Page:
chance came when he was wounded and sent to a hospital. He escaped over
the Dutch frontier and finally reached America. He is here now, register
ed as an alien enemy..
In this narrative which is true and absolutely authentic, he tells the
terrible story of the pillaging and ravaging of Belgium and Northern
France, as it can be told only by one who witnessed the wild orgy of death
and destruction. He writes only of what he saw and did---and that's
The nameuthor of the author of these confessions is suppressed because he
has brothers and other relatives still in the German army. If his identity
should be disclosed, thee relatives would face terrible reprisals at the hands
of the German war lords. He is now living in Chicago and his bride, an
American nurse whom he married in Europe after his escape from Ger
many. . _u .
The following excerpts are typical of the entire narrative.
"Residences, cellars, streets and sidewalks were heaped with dead. The houses were in
ruins; women and children, soldiers and citizens were lying where the shells had hurled
them. There was a Belgian woman lying next to a Belgian baby; close by lay a man
of uncertain years. Both of his legs were burned to the knees. His wife lay on his breast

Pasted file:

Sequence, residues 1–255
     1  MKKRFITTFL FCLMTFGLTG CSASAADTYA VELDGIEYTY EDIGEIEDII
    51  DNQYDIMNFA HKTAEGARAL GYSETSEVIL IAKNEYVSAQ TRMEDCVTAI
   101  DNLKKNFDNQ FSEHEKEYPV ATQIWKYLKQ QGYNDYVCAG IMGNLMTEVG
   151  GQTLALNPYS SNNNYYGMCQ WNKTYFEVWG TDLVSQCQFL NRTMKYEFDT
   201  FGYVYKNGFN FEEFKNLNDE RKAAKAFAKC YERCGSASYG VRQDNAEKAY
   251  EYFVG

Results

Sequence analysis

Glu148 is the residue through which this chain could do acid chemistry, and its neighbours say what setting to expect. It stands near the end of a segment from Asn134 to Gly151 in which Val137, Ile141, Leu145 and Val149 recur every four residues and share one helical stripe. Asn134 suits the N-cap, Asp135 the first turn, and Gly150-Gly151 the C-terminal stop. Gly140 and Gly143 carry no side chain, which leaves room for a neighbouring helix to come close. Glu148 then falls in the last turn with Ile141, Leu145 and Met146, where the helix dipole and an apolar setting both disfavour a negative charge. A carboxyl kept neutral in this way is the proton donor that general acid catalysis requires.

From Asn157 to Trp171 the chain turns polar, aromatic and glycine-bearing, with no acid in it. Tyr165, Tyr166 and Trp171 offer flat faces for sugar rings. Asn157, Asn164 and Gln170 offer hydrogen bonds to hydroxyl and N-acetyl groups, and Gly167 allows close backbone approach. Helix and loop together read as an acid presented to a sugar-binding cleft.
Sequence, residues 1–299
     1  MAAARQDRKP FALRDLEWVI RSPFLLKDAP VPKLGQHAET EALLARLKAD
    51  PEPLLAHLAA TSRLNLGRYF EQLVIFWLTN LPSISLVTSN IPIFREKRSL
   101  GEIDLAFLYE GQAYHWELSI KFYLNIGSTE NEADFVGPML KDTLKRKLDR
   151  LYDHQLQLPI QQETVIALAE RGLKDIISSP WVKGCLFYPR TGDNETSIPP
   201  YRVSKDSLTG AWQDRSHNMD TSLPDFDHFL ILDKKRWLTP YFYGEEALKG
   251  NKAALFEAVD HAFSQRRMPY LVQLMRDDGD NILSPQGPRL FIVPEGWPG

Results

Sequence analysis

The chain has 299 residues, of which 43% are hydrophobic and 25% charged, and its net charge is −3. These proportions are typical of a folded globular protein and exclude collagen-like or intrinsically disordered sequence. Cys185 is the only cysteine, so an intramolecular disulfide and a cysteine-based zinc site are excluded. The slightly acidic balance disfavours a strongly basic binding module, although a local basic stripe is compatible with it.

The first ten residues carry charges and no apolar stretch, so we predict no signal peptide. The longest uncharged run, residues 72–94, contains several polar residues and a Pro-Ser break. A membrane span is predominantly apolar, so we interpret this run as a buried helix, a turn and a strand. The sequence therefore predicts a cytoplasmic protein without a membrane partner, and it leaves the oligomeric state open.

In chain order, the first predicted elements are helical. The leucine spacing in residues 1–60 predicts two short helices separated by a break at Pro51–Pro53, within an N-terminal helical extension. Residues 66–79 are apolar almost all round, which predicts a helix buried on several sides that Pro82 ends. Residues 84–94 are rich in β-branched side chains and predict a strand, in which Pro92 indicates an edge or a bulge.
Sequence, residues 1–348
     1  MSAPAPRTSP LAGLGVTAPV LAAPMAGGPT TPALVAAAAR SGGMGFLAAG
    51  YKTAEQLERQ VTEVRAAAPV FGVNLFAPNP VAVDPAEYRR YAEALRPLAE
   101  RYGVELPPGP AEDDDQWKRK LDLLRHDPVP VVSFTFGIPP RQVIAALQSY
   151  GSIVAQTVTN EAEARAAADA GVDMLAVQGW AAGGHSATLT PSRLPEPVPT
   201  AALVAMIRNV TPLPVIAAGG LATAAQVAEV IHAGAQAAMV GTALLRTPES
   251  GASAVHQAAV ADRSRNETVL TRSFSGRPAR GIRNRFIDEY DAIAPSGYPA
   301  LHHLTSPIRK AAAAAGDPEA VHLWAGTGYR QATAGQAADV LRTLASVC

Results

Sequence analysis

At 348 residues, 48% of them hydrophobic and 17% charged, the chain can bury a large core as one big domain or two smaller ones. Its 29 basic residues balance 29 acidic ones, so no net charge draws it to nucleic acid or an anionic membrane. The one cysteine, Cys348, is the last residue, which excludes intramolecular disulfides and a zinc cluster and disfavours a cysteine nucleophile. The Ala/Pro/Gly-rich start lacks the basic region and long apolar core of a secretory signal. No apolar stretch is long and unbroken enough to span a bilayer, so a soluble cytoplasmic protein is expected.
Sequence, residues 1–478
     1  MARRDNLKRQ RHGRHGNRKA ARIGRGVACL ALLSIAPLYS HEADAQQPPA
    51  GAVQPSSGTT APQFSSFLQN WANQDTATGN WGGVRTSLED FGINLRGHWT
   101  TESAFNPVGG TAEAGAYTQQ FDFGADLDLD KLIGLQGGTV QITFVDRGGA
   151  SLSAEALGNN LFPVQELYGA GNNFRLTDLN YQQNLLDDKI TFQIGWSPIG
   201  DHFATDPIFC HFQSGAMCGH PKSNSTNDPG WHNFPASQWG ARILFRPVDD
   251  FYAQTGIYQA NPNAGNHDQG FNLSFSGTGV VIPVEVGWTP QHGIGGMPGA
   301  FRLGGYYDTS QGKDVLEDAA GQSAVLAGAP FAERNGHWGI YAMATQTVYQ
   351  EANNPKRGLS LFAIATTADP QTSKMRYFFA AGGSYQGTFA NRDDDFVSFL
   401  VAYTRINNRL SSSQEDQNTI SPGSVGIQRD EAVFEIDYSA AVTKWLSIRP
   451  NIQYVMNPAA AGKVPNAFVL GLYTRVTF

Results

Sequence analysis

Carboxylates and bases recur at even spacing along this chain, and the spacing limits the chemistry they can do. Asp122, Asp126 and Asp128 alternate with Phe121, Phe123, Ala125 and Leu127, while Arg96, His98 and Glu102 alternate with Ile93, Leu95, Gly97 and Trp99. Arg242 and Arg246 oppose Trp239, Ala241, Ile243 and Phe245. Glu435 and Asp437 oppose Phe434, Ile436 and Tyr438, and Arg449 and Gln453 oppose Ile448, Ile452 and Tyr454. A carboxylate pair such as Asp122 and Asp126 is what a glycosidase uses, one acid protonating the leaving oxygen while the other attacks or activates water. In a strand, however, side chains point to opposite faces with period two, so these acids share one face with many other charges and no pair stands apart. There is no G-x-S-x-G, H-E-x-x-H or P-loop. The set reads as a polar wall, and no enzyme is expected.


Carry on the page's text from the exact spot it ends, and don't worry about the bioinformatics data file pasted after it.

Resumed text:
and sobbed pitifully. NO ONE HAD TIME TO BOTHER WITH THEM. OUR
LEADER DECLARED THAT SUCH A THING AS PITY WAS INSANITY."
"We drove them back-burning and ransacking, house by house, street by street-our
company was given orders to kill without discrimination-Belgian dead numbered as
many civilians as soldiers-at least 8o per cent of the cruelties reported to have been
committed were only too true."
The Herald has secured the exclusive right for the publication of thibs
narrative. The first installment will aoppear in our next issue.
TWELFTH CONSBECUT·I TEM=
When the Dixie Homestead Asso
ciation elected officers and direetors
for the term of 1918-19 they re
elected, for the twelfth consecutive
time, Mr. Wn. J. Sonnemann secre
tary of the association. Mr. Sonne
piann has been one of the leaders
amnIng the secretaries of the home
stead associations, and he is also
well known in the State of Louisi
ana as one of the hustlers in this